President Donald Trump and the Democratic People's Republic of Korea's top leader Kim Jong-un are planned to meet on June 12, 2018. [Photo/Agencies]
Republic of Korea President Moon Jae-in said in Washington on Tuesday that "the fate and the future" of the Korean Peninsula hinges on US President Donald Trump's meeting with Kim Jong-un, top leader of the Democratic People's Republic of Korea.
Certainly, a first ever face-to-face meeting between the incumbent leaders of the two countries would present a historic opportunity to finally end the standoff and tensions that have persisted for more than six decades.
Which is why talk from both sides that the meeting might not go ahead as planned has raised concerns.
Trump has said there is a "substantial chance" the summit won't happen as scheduled — saying it could be delayed or canceled if "certain conditions" are not met. And the DPRK has threatened to scrap the meeting after Trump's National Security Advisor John Bolton said there could be a "Libya-style solution" to denuclearize the DPRK, something that did not end well for the Libyan leader Muammar Gadhafi.
Given past practices, it is possible that both parties are just jockeying for position ahead of the talks. But it is to be hoped neither side puts a foot wrong in doing so.
The mutual suspicions that have festered over the years will not be dispelled in just a few months. And the history of agreements breaking down because of the lack of trust, means that the two sides' demands and expectations have to be realistic.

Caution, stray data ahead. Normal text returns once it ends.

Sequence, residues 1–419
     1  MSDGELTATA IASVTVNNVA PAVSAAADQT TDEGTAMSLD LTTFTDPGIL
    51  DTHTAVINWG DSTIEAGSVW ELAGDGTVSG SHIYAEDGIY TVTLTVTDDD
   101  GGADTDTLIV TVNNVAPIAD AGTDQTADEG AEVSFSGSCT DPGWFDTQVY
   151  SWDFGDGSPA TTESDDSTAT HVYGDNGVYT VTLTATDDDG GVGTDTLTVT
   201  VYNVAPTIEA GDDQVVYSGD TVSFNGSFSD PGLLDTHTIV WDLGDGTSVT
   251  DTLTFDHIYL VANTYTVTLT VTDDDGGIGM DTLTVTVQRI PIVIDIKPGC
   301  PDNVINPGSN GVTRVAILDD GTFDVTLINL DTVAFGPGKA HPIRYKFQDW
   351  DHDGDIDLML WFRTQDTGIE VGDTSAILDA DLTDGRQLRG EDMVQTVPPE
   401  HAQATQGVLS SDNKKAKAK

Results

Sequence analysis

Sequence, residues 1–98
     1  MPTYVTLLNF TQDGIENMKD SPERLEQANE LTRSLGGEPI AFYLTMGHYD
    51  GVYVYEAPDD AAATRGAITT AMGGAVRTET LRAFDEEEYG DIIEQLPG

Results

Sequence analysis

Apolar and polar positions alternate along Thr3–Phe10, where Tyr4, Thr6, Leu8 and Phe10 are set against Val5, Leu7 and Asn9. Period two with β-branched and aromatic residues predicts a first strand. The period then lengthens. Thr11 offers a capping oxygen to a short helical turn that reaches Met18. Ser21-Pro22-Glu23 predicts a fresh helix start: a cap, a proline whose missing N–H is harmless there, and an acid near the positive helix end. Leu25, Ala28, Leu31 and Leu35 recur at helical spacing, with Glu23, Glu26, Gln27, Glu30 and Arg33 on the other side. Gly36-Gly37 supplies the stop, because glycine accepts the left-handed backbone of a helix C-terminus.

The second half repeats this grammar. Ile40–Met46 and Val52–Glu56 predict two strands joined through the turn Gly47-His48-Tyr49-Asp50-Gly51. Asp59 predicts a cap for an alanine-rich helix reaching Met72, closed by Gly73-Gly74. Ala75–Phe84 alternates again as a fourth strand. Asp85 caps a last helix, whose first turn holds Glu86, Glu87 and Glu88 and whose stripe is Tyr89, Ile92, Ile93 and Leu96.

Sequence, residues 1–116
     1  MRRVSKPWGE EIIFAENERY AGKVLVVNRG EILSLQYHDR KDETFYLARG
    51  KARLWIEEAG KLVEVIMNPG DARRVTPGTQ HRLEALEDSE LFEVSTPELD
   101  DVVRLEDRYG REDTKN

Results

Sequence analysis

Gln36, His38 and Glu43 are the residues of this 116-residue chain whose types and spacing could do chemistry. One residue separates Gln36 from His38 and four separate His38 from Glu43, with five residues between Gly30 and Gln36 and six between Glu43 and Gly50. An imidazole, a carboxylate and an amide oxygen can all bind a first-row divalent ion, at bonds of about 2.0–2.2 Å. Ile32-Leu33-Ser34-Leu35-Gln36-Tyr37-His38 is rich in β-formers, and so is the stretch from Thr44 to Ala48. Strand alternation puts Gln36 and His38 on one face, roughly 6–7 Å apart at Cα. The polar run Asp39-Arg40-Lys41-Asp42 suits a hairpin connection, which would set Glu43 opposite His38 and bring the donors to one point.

Trump said on Tuesday that he believes Kim is serious about denuclearization, and that in the short period of time his administration has been engaging with Pyongyang it has been a relationship that seems to be working. But he added, it remains to be seen how long it continues to work. For it to do so, Washington will need to deliver on its promises of security guarantees for Pyongyang, as this is fundamental to any progress.
With the US seemingly wanting swift denuclearization in one go, and the DPRK wanting it in phases, there is certainly the possibility there will be no meeting of ways.
But with Trump saying the two sides are still talking, and Pyongyang allowing reporters entry to cover the dismantling of the nuclear test site, the two sides clearly believe it is still on the cards.
All stakeholders have every reason to do all they can to ensure the meeting does go ahead, as it is a necessary step toward securing peace and stability on the Korean Peninsula and finally laying this legacy of the Cold War to rest.